By Ryan Yousefi
By Chuck Strouse
By Terrence McCoy
By Terrence McCoy
By Terrence McCoy
By Michael E. Miller
By Kyle Munzenrieder
By Michael E. Miller
But Offerle believes the brawl had nothing to do with either economics or race. The whole thing could have been prevented, she insists, if the Black History Month program had been scheduled differently, and if outsiders hadn't been allowed to participate. (Ironically, no charges were filed against the nonstudent choreographers because the student involved in the backstage skirmish refused to file charges.) "There's nothing whatsoever to do with color, which is what the whole world is turning us into," she argues. "People in the building operate colorlessly, by and large. People outside the building have made it a color thing. It has become something polar. It may be every kid in the building is not treated perfectly, but we have 3300 kids. It's not black-white."
Two months after the altercation, however, Coral Gables High School's black population is still seething. Many observers point to a legacy of bitterness and racial tension that extends far beyond the stool-throwing incident, back to the mid-1960s, when black students first were bused into Coral Gables from the predominantly black and largely impoverished neighborhood of West Coconut Grove (commonly known as the Black Grove). The busing created a distinct racial minority in a hitherto lily-white school, a minority that has felt isolated and disenfranchised ever since, even as Hispanics have come to dominate the school's population. Blacks now constitute about 12 percent of the student body, which is 67 percent Latin and 21 percent Anglo. Of the blacks, more than half come from Coconut Grove. (By comparison, the countywide breakdown of children enrolled in Dade's public schools is approximately 34 percent black, 50 percent Latin, 15 percent Anglo, and 1 percent Asian and Native American.)
"This incident wasn't solely the result of police and black students being present in one location. There's a direct correlation between past injustice students have suffered and the conflict with the police," asserts Jelani Gould-Bailey, a junior from Coconut Grove who is managing editor of the school newspaper. "The whole thing we've tried to convey to [principal Mandy Offerle] is that there were other areas where tension was building up."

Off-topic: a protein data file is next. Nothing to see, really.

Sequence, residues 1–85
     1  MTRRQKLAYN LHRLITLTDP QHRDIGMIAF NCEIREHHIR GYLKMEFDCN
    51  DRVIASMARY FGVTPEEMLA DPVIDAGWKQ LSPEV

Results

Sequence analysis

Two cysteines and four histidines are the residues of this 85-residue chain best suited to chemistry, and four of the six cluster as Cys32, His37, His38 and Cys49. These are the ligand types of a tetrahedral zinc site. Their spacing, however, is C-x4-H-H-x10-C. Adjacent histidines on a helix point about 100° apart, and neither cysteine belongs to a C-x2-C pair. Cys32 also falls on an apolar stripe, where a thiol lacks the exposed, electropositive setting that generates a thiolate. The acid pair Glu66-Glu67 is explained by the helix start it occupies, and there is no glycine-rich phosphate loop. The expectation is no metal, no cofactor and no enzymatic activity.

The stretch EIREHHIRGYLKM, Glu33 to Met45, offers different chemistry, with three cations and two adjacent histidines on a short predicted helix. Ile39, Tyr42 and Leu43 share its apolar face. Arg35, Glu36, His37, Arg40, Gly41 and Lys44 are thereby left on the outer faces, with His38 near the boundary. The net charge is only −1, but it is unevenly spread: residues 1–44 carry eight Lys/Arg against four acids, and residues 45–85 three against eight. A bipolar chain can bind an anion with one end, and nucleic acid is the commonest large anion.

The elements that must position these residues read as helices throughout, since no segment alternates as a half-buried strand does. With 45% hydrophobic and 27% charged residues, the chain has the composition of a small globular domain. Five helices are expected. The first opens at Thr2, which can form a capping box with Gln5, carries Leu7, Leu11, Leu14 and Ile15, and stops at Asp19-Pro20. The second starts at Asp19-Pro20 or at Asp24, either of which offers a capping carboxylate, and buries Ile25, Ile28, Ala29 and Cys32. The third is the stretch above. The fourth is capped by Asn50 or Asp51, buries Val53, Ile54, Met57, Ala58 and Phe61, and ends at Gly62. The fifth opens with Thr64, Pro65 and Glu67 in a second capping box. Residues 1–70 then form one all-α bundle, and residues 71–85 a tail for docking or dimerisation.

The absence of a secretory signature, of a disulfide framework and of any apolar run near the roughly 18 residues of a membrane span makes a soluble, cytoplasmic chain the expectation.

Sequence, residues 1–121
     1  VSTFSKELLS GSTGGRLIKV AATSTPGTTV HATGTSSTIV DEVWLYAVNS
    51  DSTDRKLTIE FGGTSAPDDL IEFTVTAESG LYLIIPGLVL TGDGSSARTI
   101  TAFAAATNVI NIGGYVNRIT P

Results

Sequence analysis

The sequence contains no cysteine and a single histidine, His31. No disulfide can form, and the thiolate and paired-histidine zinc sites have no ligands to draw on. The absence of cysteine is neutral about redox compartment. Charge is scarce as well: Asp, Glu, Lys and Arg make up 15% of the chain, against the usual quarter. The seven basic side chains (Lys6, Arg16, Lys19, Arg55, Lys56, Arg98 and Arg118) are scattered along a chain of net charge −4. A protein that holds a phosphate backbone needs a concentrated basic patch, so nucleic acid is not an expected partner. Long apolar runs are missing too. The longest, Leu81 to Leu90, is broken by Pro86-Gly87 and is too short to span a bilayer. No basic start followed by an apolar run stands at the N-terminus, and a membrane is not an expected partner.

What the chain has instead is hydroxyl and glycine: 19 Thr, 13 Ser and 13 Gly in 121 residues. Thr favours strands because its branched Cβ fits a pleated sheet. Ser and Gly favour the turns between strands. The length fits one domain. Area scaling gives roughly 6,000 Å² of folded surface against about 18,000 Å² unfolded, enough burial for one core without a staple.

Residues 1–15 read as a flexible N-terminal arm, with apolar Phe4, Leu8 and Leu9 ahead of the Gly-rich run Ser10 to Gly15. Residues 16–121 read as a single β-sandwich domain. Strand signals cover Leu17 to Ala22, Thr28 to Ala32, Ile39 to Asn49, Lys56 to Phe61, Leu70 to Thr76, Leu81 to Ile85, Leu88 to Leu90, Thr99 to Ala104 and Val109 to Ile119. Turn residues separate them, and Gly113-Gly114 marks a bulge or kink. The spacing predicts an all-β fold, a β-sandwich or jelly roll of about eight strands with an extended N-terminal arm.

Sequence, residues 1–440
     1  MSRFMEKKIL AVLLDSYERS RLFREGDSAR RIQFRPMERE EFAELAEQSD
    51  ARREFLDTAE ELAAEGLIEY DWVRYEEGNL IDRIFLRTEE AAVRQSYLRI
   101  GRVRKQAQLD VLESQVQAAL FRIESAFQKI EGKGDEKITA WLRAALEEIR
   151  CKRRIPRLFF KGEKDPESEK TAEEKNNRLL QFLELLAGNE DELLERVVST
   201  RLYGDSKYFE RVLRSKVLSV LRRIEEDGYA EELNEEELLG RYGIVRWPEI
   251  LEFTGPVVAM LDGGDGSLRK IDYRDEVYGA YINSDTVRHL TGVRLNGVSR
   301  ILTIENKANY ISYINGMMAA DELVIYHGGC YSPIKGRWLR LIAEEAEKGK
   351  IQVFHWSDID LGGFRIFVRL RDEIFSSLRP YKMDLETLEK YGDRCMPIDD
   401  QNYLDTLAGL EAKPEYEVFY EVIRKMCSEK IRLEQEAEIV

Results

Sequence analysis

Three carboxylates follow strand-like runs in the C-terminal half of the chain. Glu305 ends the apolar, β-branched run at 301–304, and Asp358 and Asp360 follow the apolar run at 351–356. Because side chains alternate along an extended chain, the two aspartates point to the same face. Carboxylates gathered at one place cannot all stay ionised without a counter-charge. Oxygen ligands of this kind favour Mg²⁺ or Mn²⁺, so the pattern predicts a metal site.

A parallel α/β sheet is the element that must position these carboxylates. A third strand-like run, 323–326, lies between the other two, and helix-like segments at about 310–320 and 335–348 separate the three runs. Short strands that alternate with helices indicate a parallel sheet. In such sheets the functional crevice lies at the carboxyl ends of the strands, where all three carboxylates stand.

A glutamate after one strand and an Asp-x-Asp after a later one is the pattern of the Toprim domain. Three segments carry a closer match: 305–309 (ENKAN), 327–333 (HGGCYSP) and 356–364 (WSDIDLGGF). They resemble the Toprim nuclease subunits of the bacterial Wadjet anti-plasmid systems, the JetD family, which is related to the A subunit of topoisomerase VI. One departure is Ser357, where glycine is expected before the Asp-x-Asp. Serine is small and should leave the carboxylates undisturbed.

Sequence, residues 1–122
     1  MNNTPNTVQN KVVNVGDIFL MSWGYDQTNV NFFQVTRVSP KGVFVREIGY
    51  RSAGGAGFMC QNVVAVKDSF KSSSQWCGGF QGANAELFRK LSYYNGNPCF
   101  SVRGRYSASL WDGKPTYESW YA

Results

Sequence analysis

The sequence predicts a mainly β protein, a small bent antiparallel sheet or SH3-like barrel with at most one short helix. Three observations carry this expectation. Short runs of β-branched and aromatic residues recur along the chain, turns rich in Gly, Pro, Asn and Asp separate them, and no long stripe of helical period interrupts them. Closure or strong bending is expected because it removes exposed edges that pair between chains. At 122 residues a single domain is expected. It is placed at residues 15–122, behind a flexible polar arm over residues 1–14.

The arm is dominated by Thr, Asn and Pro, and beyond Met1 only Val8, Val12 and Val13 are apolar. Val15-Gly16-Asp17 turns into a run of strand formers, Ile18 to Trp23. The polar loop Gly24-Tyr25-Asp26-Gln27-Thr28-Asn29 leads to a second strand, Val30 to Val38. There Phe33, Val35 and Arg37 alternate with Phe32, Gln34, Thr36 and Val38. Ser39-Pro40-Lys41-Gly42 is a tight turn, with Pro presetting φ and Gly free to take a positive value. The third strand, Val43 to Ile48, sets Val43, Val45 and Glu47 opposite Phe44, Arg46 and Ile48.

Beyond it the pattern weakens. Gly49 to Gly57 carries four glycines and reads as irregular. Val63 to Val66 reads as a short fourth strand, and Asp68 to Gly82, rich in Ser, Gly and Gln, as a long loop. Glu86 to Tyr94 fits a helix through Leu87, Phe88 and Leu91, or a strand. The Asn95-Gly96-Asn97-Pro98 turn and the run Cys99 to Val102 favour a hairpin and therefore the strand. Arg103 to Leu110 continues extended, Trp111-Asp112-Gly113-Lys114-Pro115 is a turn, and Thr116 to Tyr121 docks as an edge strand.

Some of these "areas" were elucidated in the aftermath of the conflict. Students, Gould-Bailey among them, spoke out during in-school student assemblies, off-campus community meetings, and conferences with Gables High administrators and school district officials. While Gables High comprises a distinctly stratified academic community A with students assigned to "general," "honors," or, at the top, the highly touted "International Studies" and "International Baccalaureate" magnet programs -- expressions of discontent among black students cut across these lines.
After a meeting with a cadre of students, the Intergroup Relations Team, a group of crisis-intervention specialists from Dade County Public Schools, produced a lengthy list of "student concerns and recommendations" that spotlighted the anger, resentment, and frustration of Gables High's black population. Among the distilled comments:
* "Coral Gables Senior is a racist establishment. Black students do not feel welcome or appreciated."
* "Lack of black student representation in the [250-member] student government. The four black officers complain that important information often bypasses them."
* "Many black students reported they feel uncomfortable going through the main office. They have a feeling that people are condescending to them."
* "Many black students feel a great separation and lack of communication between the administration and the students."
* "Many black students stated they need to see evidence of caring and sensitivity towards them by the administrators."
Black students continue to express their feelings of isolation, and of the pressures of living under what many perceive to be a racial microscope. "We have to be on our p's and q's more than the next guys," attests senior Omar Francis. "If I say the wrong thing or I curse, I'm considered vulgar."
Adds eighteen-year-old Adrian Souffrant, a Coconut Grove resident: "We don't feel on the same level as other kids."
Many black students complain they are forced to subjugate their own culture to conform to the mainstream's. "To get a feel for what is happening, you have to go back 30 years," explains Georgette Allen, who commutes from Perrine to participate in the school's International Baccalaureate (IB) magnet program. "It wasn't a school that tried to blend different cultures. The school is rooted in tradition, and because of that you hear things like, 'Things are the same way as when I went to school in 1975.'"
Sophomore Paulson Tuffet, another IB student, travels to Gables High from Liberty City. "The only reason I come here is because I know I have a better chance of getting into college," he says. "I can't act the way I do around other black people, I can't use certain expressions, certain words."
Since the violence of February 27, many black students have complained that the school doesn't offer enough black-oriented extracurricular activities. English teacher Debbie Anderson, who is of mixed Cayman Island and Honduran ancestry, says school administrators have been reluctant to develop black-oriented events. She volunteered to supervise the fateful Black History Month program, she says, because "other black teachers didn't want to do it. They didn't want to deal with the administration. Every time a 'black program' comes up, we are told it can be a 'volatile situation.' The perception has always been when you see a group of black students get together, [the administration] begins to get worried."